Grant from the Freemasons helps us sustain our Balanced Lives programmes

Action For Elders innovative Balanced Lives programmes have been recognised for their progress in the physical, mental and social wellbeing of those in later life. The Later Life Inclusion grant from the Masonic Charitable Foundation has made it possible to sustain our programmes.

Sustainability is proven to be important in the health and wellbeing of older people. It's crucial that we continue our programmes in local communities and reach out to vulnerable older people to help turn their lives around.

Masonic Charitable Trust representatives Rob Payne, William Jenkins and Grenville Thomas visited a successful programme at Hazel Court, Sketty Park, Swansea in October to see Balanced Lives in action and witness the incredible health benefits. Some of the representatives even joined the participants in the programme to experience the benefits first hand. They were joined by James Lewis (CEO Action For Elders).

The Later Life Inclusion grant from South Wales Freemasons runs over three years and comes through the Masonic Charitable Foundation, which is funded by freemasons, their families and friends, from across England and Wales.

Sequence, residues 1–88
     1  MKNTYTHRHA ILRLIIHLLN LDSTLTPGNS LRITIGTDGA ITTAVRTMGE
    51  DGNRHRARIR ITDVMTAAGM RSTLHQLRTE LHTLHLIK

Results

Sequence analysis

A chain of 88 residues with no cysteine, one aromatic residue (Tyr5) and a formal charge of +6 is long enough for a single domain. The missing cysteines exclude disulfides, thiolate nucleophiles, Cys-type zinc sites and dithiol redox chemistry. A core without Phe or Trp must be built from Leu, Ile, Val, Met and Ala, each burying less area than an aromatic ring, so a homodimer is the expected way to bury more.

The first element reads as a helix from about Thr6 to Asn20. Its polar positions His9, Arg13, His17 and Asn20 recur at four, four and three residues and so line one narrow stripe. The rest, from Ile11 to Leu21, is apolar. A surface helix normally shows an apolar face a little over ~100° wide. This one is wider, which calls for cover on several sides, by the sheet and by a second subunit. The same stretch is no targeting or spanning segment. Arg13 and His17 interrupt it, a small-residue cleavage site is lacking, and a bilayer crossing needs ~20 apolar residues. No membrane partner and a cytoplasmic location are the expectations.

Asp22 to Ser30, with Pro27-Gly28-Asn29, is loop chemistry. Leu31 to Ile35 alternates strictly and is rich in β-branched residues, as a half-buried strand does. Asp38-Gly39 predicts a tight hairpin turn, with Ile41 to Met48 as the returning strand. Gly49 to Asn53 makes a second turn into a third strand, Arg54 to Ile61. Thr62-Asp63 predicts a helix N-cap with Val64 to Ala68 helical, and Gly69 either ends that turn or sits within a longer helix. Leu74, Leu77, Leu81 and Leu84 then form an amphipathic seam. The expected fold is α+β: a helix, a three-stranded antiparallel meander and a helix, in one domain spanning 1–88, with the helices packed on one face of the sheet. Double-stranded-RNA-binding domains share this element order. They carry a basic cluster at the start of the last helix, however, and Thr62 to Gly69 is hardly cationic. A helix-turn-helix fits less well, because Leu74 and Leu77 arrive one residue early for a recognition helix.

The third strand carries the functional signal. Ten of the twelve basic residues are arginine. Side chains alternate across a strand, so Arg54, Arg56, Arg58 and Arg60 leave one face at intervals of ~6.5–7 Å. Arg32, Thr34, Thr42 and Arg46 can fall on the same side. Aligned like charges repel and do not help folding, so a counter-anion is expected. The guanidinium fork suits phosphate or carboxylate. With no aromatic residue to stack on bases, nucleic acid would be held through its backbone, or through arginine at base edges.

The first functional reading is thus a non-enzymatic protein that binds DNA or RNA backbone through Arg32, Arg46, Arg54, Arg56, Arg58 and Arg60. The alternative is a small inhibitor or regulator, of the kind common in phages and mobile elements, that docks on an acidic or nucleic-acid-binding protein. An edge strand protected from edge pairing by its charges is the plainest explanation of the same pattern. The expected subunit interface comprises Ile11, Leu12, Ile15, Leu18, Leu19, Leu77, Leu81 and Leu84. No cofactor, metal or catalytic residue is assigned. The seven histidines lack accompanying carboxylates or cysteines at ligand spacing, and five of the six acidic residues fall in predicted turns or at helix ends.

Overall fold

The events of the day were filmed by the Masonic Charity Foundation. Take a look at the short film above.

James Lewis, CEO at Action for Elders said:

“We’re really grateful to South Wales Freemasons for their generous grant, which will help us in our hugely important work with older people from across Wales. People are living longer in our society, but far too often they have a terrible quality of life. Our aim is to help them have better physical and mental health as well as staying as full members of our local communities.”

William Jenkins from South Wales Freemasons said:

“I’m very pleased we’ve been able to help Action for Elders with their work. It’s vitally important that our senior citizens get the help they need to keep and improve their physical and mental health, while avoiding the loneliness and social isolation that is, sadly, all too common among older people today.”